China's engagement with Africa has barely begun. As far as the stock of foreign investment in Africa is concerned, the Asian giant is still dwarfed by the West 10 to 1, but not for long if Beijing has anything to do with it. For China, Africa is a strategic play, requiring the stamina for which its strategists have always been famous.A long-term project, I might add.
It is true that Beijing is hurting badly from the global economic crisis much more than its Ministry of Commerce's massaged statistics will let on, but it would be analytically unsound to treat any perceived change in Sino-African trends as a panic-response dictated by the souring global economy. China is engaged in a deliberate, calculated, and carefully scheduled re-pricing of risk in its African project.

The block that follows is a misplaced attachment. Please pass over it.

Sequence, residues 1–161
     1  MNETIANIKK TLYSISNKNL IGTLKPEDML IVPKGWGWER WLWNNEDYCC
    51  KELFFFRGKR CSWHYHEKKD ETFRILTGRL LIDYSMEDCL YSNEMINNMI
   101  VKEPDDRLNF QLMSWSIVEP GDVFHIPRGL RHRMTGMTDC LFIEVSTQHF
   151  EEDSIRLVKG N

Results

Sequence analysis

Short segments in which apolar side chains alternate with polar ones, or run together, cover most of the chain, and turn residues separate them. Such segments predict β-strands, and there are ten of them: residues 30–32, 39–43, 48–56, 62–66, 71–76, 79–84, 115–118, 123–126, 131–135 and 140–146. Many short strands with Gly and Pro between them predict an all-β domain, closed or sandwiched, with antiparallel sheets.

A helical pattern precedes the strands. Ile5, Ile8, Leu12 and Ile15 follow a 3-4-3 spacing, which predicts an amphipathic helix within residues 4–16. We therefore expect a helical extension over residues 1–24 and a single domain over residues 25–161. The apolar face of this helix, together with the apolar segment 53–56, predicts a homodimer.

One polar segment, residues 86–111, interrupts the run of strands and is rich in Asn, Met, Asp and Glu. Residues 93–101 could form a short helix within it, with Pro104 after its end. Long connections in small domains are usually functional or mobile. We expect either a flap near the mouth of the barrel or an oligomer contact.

Thursday, April 16, 2009
Ever since the reality of the economic crisis took hold, international attention has remained squarely focused on the governments in both Washington and Beijing. What are they doing? What will they do? What does all of this mean? With respect to Beijing in particular, myths of China's withdrawal from Africa began to surface around the time the China-Congo deal began to flounder and seemingly haven't seized in their cries of armageddon (see here and here, for instance). Well, stop already. Not only is this annoying, it's horribly misinformed. The Asia Times finally gets it right: